Score a Goal, Eat a Cupcake

I admit, I’m more than eager to trot this story out again-again, but do you remember last week’s post about England’s meat pie pushing mothers? You know. Those uber-moms who started selling hamburgers to students outside of schools in spite of the recent initiatives to improve school food. You got to appreciate that kind of caring—and degree of mental illness!

Well, here’s an example of some homegrown, good old-fashioned American dietary dopiness. How many of you remember the post-soccer-game orange slices? You do, good. But what about the post-game chips, juice-boxes, Ho Hos, and Hawaiian Punch? No? From The New York Times Op-Ed section, Harlan Coben tells us all about it—and he’s none to happy:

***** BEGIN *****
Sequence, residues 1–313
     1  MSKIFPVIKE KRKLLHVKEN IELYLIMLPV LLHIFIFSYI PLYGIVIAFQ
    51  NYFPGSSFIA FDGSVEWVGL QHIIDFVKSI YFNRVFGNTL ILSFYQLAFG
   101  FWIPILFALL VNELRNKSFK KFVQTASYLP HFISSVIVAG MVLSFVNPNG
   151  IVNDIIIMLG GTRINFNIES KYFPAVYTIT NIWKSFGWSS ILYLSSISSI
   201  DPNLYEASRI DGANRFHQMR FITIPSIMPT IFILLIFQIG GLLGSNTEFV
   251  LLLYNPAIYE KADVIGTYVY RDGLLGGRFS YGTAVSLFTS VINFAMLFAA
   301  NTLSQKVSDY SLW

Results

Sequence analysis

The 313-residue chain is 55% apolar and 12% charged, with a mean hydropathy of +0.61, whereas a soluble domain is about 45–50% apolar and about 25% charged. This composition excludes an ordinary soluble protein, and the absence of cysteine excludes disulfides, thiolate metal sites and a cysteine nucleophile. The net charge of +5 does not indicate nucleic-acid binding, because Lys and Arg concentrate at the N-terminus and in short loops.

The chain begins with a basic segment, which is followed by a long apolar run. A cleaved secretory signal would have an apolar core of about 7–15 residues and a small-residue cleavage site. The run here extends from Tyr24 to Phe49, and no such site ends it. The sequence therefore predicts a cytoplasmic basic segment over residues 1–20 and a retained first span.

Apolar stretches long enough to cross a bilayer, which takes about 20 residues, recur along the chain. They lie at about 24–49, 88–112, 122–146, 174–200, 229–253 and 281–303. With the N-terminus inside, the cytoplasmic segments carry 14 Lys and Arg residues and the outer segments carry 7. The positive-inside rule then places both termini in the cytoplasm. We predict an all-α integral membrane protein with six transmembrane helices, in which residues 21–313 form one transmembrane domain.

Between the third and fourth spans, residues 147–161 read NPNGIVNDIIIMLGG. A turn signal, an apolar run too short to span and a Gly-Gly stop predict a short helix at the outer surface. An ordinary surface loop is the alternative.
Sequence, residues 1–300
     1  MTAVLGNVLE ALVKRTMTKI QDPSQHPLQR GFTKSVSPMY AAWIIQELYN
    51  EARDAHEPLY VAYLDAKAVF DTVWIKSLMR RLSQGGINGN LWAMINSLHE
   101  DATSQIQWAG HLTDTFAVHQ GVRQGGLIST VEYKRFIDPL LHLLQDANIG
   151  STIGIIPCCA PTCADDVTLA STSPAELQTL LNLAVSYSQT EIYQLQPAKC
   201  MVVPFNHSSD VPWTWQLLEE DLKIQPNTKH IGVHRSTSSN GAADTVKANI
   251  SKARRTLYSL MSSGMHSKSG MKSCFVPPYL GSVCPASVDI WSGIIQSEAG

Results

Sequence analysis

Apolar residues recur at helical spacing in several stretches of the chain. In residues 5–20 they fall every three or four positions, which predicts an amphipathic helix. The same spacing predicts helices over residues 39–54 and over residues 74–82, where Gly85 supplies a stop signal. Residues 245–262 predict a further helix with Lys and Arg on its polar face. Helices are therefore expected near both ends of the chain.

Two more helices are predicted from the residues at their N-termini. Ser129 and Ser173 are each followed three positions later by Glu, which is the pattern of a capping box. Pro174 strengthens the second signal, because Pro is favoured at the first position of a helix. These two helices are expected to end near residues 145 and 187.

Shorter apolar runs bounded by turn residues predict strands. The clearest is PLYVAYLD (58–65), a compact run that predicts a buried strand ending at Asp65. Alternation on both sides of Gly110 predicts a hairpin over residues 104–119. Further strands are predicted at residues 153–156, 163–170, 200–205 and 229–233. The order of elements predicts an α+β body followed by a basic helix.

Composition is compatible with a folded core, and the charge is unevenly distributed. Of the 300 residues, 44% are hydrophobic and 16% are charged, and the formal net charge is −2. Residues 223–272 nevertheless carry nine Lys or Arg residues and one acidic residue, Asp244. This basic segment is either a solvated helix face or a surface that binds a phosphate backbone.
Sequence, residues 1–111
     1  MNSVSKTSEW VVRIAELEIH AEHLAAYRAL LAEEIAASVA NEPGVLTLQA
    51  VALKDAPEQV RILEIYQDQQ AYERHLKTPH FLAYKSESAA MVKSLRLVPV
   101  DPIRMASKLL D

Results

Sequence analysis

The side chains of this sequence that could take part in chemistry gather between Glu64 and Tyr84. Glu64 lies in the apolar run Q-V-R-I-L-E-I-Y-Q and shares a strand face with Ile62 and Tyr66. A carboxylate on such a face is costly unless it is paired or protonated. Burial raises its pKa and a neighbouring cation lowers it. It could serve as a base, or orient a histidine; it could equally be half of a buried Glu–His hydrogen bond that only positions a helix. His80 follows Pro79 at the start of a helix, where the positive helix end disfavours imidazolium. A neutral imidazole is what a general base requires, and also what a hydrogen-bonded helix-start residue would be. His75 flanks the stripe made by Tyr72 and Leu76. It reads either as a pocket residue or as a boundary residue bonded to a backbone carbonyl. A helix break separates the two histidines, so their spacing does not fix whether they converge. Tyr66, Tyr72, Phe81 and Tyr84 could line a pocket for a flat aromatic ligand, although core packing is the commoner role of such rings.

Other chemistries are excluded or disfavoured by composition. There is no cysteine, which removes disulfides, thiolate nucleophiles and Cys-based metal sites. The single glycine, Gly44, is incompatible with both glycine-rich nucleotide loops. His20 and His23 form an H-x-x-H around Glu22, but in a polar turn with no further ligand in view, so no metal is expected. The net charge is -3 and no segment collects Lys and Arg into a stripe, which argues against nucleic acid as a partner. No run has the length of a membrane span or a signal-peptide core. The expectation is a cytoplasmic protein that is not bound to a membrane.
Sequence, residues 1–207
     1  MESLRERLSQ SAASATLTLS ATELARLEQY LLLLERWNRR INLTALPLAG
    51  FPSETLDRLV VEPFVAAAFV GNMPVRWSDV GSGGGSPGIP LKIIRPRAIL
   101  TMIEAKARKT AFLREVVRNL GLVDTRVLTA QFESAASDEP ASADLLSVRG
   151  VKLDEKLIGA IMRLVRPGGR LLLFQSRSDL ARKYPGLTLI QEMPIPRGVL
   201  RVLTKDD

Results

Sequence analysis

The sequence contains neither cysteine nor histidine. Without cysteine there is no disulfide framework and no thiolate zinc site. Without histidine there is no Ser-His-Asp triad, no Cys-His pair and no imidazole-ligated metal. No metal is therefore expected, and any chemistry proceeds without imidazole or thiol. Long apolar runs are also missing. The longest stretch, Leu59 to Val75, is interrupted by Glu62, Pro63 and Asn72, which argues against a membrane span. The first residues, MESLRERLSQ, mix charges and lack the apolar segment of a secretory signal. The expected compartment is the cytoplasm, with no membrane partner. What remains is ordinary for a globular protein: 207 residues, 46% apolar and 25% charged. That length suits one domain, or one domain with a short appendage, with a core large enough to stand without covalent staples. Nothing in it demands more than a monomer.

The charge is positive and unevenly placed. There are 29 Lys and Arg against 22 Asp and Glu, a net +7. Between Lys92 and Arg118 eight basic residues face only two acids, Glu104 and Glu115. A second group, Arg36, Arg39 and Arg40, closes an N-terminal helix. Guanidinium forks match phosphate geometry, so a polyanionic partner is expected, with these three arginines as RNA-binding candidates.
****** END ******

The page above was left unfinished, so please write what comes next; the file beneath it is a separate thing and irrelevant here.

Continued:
Are none of us reading about the obesity of our young people? Do you think it helps their well-being that after every sporting event our children gorge themselves Fall-of-Roman-Empire style on extra calories, extra sugar, extra hydrogenated fat? I recently sat down with Annette O’Neill, a registered dietitian and bona fide nutritionist, and asked her, “Do you think it’s a good idea for our kids to have Cheetos and Kool-Aid after a sporting event?” Her response: “Uh, no.”
Coben certainly is amazed with our cultures propensity to incorporate snacking into every facet of our lives. I guess that’s one reason why it can be so hard to teach kids the importance of healthy eating, especially since—as Coben puts it—every classroom celebration involves softball-sized cupcakes.

If you’re fed up like Coben, check out this podcast where Dr. Fuhrman offers up tips on getting children to eat well.
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